Stem Cells Reversing Aging in Mice: Are Humans Next?

Scientists have been using stem cells to reverse aging in mice, and they say the research may one day translate to human beings. reports a study published on Tuesday showed that the injection of stem cells reversed aging in mice.

In the study, mice were engineered to imitate a disease in humans called progeria which speeds up the aging process. Mice with progeria typically die at around 21 days old, whereas normal mice die at two years old. The mice were injected in the stomach with young muscle stem cells from healthy mice.

Researchers noticed an immediate difference in the behavior of the mice.

Although the stem-cell injected mice with progeria didn’t live as long as the average mouse, they lived three times as long as they would have without the stem cells.

The co-author of the study, Johnny Huard, is the professor of orthopedic surgery at the University of Pittsburgh School of Medicine and he believes the mice would have lived longer had he injected the treatment again.

Scientists believe the aging process occurs when stem cells age and lose the ability to repair themselves. The cells then divide slowly.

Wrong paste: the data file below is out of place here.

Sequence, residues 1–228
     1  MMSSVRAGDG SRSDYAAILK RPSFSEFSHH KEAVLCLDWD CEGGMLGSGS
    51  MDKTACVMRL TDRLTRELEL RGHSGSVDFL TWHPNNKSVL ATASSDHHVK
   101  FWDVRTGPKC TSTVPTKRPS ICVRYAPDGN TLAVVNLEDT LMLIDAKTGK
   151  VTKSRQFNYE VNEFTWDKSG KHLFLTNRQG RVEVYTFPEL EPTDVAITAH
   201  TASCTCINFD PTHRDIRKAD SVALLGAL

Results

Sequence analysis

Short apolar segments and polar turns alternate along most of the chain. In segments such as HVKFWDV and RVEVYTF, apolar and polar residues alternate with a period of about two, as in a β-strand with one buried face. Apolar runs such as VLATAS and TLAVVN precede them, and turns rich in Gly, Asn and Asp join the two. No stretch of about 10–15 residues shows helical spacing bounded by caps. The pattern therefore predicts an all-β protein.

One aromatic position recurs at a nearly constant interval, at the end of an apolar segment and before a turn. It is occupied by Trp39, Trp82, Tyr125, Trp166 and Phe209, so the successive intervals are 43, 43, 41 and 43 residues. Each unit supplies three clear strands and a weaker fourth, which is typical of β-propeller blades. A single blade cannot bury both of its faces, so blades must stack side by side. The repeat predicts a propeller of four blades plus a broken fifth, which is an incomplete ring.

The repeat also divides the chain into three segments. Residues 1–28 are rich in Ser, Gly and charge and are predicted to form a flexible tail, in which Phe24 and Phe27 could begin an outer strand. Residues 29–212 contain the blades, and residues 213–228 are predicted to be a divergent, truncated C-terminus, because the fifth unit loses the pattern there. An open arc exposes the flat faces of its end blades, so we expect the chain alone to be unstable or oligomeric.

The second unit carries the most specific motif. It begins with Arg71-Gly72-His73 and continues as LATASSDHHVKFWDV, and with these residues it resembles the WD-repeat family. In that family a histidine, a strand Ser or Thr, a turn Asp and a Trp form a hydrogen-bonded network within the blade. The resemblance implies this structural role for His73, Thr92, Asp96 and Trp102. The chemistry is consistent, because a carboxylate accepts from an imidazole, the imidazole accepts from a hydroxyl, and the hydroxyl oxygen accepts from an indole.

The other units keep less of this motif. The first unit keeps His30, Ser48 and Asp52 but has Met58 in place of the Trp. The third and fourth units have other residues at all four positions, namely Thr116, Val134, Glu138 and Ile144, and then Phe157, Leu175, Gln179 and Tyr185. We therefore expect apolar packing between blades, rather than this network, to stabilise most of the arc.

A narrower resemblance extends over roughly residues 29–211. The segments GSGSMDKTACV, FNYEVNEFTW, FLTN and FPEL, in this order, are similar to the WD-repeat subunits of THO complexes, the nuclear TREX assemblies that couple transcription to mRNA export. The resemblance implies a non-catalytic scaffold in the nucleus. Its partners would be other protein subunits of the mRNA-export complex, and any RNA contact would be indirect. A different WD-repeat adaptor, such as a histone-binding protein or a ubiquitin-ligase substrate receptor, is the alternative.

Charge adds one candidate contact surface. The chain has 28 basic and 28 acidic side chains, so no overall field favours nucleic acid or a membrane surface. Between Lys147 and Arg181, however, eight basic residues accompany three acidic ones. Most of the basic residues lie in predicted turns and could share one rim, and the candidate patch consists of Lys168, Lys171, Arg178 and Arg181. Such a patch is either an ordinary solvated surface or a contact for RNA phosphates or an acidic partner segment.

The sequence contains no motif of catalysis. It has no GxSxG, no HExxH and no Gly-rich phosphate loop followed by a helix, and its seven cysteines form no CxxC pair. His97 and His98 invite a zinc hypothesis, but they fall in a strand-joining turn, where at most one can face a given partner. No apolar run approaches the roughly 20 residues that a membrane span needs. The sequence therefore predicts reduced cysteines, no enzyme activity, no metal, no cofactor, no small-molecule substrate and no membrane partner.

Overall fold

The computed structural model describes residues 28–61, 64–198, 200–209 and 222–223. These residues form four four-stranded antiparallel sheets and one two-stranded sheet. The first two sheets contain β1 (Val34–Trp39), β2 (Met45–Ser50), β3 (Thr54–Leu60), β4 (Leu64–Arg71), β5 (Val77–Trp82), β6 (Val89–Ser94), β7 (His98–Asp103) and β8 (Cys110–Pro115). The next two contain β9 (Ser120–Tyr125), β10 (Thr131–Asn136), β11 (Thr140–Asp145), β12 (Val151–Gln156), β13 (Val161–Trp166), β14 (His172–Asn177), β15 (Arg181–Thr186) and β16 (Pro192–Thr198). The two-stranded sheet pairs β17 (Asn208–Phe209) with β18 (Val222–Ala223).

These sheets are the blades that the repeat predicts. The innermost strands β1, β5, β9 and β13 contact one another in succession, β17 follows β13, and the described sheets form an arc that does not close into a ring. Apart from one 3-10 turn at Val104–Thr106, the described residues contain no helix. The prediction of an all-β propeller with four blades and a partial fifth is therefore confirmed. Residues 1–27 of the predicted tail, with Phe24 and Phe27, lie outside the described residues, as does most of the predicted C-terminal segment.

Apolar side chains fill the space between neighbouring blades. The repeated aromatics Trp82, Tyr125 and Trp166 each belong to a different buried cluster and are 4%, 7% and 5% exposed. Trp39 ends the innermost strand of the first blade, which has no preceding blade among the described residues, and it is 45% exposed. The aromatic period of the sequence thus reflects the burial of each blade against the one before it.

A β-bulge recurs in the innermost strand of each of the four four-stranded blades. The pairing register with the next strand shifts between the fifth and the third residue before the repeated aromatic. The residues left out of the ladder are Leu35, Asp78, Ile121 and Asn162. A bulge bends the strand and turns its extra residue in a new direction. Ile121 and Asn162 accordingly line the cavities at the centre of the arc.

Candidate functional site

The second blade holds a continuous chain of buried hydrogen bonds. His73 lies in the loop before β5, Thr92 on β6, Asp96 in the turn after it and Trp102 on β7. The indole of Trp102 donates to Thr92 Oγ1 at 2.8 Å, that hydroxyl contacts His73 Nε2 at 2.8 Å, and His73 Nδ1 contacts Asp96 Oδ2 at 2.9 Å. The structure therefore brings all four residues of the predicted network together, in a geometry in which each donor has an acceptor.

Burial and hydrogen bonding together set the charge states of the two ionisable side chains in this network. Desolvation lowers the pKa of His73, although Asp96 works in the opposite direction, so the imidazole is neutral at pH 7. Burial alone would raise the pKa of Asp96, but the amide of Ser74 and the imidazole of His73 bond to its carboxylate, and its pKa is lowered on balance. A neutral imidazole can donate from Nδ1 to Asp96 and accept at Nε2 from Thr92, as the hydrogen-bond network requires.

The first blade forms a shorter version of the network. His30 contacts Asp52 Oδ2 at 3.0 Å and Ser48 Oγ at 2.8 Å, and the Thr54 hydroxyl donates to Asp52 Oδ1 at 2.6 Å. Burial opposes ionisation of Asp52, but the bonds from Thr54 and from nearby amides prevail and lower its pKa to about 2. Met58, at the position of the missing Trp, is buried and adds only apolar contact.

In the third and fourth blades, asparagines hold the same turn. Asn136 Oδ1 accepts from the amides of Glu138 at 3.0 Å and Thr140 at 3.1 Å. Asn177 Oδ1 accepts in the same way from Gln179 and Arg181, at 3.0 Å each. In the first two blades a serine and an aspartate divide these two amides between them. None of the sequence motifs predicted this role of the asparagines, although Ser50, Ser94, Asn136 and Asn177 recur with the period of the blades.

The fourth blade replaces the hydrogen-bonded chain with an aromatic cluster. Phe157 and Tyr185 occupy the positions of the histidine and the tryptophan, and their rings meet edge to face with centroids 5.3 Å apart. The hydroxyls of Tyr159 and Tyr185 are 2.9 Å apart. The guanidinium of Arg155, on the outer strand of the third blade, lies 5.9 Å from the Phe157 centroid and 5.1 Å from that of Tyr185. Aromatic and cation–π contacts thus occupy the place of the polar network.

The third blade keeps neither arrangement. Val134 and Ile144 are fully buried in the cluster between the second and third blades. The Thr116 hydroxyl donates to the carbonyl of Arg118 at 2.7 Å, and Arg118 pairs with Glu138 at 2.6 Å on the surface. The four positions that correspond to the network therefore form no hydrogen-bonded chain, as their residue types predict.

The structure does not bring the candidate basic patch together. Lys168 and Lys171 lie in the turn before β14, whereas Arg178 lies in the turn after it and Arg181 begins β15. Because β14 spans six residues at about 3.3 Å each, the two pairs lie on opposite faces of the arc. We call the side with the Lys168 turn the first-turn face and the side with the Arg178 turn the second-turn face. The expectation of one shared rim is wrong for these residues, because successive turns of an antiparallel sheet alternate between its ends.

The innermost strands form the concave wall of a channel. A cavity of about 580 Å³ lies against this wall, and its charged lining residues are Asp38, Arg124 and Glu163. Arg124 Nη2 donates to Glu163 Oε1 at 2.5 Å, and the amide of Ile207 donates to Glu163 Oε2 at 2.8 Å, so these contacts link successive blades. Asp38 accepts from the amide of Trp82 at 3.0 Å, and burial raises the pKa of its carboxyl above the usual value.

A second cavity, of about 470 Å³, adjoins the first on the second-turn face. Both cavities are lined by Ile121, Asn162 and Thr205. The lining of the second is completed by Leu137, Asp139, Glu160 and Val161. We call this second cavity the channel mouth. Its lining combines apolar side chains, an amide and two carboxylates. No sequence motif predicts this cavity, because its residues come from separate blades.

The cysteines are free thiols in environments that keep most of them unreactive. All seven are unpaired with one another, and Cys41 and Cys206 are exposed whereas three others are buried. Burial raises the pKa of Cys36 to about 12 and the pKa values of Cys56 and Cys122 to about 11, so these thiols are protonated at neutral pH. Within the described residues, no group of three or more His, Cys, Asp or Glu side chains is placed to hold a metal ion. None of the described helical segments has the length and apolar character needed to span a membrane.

“It was mind boggling,” said Huard to “When I saw them I thought, ‘Oh my God, I must have made a mistake and put the normal mice in the wrong cage.’ But they were indeed the mice we’d injected with the stem cells.”

“There’s a lot of money being spent in the world trying to delay aging,” said the professor. “It would be fantastic if we can apply this to human beings. It’s a very simple approach.”

In 2010, The Guardian reported that researchers at the Dana-Farber Cancer Institute at Harvard Medical School regenerated aged mice by reactivating the enzyme telomerase, which serves as a ‘protective cap’ on chromosomes.

Each time a cell divides, telomerase becomes shorter, until they stop working entirely and the cell dies or enters a state of suspension. This course of action is behind much of what occurs during the aging process.